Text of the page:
Re-Watchterpiece Theater is a series that explores the organic way that attitudes about films change after you watch them a second time, a third time, or more, further down the line than the original viewing. This week, I’ll be discussing Billy Crystal’s made-for-HBO baseball film, 61* (2001). For those of you unfamiliar with the film, here’s the film’s synopsis, via Fandango:
Noted baseball fan Billy Crystal directed this made-for-cable drama set in the summer of 1961, as two of the strongest hitters in the major leagues, Mickey Mantle (Thomas Jane) and Roger Maris (Barry Pepper), find themselves neck and neck in a battle to break Babe Ruth’s long-standing record for most home runs in a season. Both men were playing for the New York Yankees at the time, and as the two men came within grasping distance of Ruth’s record, their loyalty as friends and teammates was put to the ultimate test.
The First Viewing
I first watched 61* in 2001. I had just finished my fifth season working in professional baseball as a Media Relations Director and was on the verge of beginning a different career in another field. In other words, my passion for the game of baseball never really burned any brighter. I was completely enamored with the movie. I instantly claimed that it was one of my favorite baseball movies, second only to 1988’s Eight Men Out. I made that claim based on how hard the film worked to stay true to the actual story of Maris and Mantle’s chase of Babe Ruth’s record. Billy Crystal hadn’t pulled any punches on Mickey Mantle, presenting him as the drunk, ornery, but very lovable cuss that he actually was. He went into great detail regarding the pressures put on Maris in his chase. As someone who loves baseball history, I applaud any and all efforts to stay true to the beauty of the game’s true story. The pair of actors playing Maris and Mantle (Barry Pepper and Thomas Jane) were even dead ringers for the characters they were playing. Not that it mattered; it was more about the acting job they did than their uncanny likeness for the M&M boys. It didn’t hurt that both Pepper and Jane seemed to be on the verge of breaking out into bigger and better things.
Additionally, the film aired just three years after Mark McGwire had broken the record that served as the backdrop for the movie. McGwire did so in a very memorable fashion, more so for me personally than most because I’m a diehard fan of McGwire’s team, the St. Louis Cardinals. Billy Crystal had taken McGwire’s own chase and used it to open and close the film.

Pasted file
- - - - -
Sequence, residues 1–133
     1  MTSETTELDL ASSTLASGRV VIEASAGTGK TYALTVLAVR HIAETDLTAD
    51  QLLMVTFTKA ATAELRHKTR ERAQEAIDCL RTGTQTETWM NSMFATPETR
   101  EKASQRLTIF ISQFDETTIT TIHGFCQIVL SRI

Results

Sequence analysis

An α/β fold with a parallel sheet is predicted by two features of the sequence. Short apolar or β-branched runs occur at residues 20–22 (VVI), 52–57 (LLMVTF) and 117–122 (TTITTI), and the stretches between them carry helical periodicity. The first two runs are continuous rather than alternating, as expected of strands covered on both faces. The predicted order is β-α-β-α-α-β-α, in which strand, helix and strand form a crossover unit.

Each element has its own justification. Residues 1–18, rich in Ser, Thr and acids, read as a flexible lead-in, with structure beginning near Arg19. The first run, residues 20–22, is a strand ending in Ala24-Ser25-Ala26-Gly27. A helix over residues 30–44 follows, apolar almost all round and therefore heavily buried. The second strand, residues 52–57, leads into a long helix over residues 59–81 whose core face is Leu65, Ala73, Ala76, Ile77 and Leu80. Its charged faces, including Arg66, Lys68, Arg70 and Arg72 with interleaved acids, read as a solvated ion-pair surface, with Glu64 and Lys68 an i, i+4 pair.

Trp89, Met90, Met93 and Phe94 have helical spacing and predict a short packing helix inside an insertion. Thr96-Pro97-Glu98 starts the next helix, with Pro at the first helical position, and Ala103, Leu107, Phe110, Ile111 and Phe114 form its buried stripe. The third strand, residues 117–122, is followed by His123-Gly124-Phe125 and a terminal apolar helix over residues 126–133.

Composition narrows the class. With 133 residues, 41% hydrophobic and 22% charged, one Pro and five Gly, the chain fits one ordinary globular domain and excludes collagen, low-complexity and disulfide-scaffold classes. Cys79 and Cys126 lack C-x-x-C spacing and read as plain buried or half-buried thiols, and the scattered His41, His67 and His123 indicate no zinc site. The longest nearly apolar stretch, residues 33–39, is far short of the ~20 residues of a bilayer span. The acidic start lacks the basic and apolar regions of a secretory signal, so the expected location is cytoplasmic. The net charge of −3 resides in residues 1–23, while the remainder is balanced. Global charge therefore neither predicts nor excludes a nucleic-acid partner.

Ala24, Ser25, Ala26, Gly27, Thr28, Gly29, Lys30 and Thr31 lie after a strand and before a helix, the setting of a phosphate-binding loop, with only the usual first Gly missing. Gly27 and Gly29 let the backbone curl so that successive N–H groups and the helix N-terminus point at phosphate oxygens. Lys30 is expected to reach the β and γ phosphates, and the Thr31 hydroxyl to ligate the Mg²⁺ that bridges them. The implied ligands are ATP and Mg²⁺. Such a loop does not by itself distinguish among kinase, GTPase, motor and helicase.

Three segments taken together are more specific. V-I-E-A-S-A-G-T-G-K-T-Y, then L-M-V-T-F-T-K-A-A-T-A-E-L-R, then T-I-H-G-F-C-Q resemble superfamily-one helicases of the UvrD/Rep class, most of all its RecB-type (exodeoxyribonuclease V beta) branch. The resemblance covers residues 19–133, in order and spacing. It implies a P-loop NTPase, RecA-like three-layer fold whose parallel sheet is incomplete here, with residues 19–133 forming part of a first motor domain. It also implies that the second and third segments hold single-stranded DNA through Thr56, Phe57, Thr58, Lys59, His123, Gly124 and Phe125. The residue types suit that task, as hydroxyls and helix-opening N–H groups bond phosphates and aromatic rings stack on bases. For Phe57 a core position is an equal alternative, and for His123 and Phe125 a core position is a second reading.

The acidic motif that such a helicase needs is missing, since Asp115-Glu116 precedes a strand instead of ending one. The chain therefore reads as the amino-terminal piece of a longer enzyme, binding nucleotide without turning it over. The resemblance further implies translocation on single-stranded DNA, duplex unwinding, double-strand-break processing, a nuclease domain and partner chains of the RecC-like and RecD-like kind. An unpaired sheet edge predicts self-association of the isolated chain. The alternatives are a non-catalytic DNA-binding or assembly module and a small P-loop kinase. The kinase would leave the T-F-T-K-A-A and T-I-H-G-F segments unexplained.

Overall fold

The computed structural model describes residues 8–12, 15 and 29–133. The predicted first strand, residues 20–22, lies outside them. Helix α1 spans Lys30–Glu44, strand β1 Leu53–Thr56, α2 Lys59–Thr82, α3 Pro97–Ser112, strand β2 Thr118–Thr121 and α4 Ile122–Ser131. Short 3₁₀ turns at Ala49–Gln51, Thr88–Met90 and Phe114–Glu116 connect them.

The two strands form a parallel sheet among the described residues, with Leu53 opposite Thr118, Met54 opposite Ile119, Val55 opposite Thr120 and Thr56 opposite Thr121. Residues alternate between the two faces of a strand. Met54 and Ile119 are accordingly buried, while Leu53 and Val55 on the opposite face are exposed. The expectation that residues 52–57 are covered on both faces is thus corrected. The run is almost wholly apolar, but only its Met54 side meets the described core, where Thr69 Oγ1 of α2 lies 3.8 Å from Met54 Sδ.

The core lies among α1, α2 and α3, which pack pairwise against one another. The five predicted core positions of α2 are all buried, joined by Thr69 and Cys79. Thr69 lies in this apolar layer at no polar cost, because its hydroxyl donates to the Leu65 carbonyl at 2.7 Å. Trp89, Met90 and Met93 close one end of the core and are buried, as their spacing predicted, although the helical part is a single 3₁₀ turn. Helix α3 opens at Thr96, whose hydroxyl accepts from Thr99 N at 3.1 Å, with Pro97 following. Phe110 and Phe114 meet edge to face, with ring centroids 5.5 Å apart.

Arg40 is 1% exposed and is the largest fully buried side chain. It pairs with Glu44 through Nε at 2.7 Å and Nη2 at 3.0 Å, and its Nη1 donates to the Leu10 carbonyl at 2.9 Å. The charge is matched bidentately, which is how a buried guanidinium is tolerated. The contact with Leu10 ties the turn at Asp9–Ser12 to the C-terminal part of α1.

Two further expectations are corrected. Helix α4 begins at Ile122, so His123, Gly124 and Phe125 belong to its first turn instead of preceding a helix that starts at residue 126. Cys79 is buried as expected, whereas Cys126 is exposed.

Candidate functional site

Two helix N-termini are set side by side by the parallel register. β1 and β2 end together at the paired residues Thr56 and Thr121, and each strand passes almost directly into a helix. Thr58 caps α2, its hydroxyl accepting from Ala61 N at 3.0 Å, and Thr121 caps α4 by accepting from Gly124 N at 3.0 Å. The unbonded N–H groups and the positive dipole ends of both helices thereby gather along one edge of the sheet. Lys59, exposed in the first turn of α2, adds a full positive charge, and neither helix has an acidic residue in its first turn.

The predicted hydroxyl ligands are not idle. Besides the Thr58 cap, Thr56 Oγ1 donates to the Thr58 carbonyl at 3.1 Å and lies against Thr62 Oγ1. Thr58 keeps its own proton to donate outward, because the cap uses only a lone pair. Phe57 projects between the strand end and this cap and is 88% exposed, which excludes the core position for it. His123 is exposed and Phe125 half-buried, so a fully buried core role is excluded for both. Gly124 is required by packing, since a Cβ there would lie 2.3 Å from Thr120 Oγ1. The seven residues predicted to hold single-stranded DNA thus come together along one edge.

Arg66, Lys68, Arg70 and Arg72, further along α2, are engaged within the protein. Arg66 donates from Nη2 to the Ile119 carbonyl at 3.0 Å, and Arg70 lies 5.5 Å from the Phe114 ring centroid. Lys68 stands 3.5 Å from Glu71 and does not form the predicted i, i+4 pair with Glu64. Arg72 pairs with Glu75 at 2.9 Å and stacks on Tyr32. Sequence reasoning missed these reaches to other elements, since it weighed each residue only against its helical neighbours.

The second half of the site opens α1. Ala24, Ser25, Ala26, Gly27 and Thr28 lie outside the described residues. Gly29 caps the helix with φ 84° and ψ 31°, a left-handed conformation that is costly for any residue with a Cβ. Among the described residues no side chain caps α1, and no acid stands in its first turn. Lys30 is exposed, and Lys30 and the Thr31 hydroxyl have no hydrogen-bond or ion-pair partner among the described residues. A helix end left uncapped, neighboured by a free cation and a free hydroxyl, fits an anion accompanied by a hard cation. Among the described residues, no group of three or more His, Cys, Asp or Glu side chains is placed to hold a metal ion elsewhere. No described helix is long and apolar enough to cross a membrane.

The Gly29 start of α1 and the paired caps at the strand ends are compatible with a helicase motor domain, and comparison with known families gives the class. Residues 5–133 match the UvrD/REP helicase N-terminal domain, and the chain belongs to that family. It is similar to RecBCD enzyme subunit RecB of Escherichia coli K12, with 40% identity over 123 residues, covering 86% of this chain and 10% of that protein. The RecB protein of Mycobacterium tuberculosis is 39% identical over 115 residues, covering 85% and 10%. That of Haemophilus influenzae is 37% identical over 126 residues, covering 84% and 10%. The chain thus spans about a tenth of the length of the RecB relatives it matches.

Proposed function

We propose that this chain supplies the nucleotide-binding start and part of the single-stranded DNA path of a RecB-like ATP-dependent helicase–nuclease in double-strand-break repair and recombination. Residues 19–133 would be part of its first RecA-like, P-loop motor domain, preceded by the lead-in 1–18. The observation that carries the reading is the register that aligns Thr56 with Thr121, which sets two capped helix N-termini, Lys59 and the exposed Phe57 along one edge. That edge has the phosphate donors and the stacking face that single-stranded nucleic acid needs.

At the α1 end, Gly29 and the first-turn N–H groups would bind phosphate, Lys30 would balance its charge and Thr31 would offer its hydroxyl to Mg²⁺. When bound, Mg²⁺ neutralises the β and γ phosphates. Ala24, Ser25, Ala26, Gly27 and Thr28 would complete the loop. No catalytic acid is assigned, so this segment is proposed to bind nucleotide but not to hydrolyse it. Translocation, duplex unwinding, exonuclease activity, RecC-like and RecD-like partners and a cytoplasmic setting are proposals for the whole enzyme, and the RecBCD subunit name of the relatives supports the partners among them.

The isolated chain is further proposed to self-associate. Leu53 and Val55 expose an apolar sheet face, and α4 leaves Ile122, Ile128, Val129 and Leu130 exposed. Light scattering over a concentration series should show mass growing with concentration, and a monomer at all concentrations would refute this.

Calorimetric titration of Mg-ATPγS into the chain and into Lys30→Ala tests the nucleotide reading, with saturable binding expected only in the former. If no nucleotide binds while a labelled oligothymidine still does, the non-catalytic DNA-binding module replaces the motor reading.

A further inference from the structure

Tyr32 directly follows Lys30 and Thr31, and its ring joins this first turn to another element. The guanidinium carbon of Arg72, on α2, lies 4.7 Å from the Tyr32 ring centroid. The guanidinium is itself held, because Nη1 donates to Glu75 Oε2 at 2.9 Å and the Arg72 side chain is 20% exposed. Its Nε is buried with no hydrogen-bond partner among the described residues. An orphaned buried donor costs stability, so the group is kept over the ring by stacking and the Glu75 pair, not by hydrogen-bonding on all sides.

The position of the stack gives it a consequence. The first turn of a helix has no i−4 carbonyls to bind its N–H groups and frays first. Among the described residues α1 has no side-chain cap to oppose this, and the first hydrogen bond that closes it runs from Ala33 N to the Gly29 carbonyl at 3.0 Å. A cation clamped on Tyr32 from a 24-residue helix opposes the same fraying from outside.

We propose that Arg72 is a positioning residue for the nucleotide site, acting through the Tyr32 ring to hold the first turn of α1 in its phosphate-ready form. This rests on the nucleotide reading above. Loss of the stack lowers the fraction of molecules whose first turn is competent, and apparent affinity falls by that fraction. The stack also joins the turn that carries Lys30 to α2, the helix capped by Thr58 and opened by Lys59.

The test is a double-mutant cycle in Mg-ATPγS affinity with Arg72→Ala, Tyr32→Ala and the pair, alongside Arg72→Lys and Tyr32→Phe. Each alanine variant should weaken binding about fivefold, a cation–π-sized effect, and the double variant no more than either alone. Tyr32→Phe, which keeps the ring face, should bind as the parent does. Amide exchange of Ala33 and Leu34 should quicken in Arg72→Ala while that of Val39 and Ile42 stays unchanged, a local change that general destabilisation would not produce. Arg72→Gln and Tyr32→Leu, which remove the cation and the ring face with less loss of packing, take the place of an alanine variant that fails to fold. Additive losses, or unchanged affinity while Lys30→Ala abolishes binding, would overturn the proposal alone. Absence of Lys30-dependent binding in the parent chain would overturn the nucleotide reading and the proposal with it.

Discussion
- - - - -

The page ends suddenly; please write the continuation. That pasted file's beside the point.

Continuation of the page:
In the interest of full disclosure, I’ve seen the film at least one other time since 2001. What’s important is that this is the first time I’ve seen it since the steroid scandal became such a hot-button issue within the game of baseball. It was the first time I’d seen it since McGwire’s tearful admission that he had been a steroid user in the 1990’s, including during the season that he broke Maris’ record. In other words, between McGwire’s admission and the fact that I haven’t worked in professional baseball for a decade, a lot of things have changed in the context of this movie.
The irony is that I think the inclusion of the McGwire footage at the beginning and end of the film now only serves to enhance Maris’ image, which was the goal of the film anyway. Seeing McGwire doing his thing and knowing that he did some very bad things to make it all happen makes Maris look even better by comparison. It’s not needed, of course. You see, the film really was a labor of love for Billy Crystal. He grew up a Yankee fan, idolizing Maris and Mantle. One of the things that jumped out at me this time is that by humanizing Mantle as a drunk-with-demons and Maris as collapsing under the pressure, he didn’t put any dents in their armor. He made them seem even more iconic. They were fallible, just like you and me, and yet they achieved amazing things.
Another theme that I noticed is how wonderfully Maris and Mantle work as foils for one another. And Crystal didn’t have to force it. Mantle was the charmer, the carouser, the ladies’ man, and the natural talent. Maris was quiet, unassuming, a devoted husband and father, and had to grind everything out to accomplish his goals. These weren’t just characters in a movie. That’s who those guys were in real life. It’s the heart of the film and it’s why the film works so well.
Admittedly, the film works hard to drum up the drama, pulling every baseball movie cliché out of the book- swelling orchestras punctuated by french horns and trumpets, spinning newspaper montages, etc. None of it hurts the movie because of something I come back to from the first viewing. Namely, Billy Crystal worked hard to make the action realistic. Whatever liberties he took with the actual story were minimal. He hired former major league outfielder Reggie Smith to work with Thomas Jane to make him look more like Mantle on the field. CGI was used to transform Tiger Stadium- where the movie was made- into the breathtaking, pre-70’s renovation Yankee Stadium. He even used former major league knuckleballer Tom Candiotti to play the role of knuckleballer Hoyt Wilhelm.
At the end of the re-watch, I don’t feel the tiniest bit different about the movie than I did when I first saw it in 2001. It stands right alongside Eight Men Out as a gem of the baseball film genre.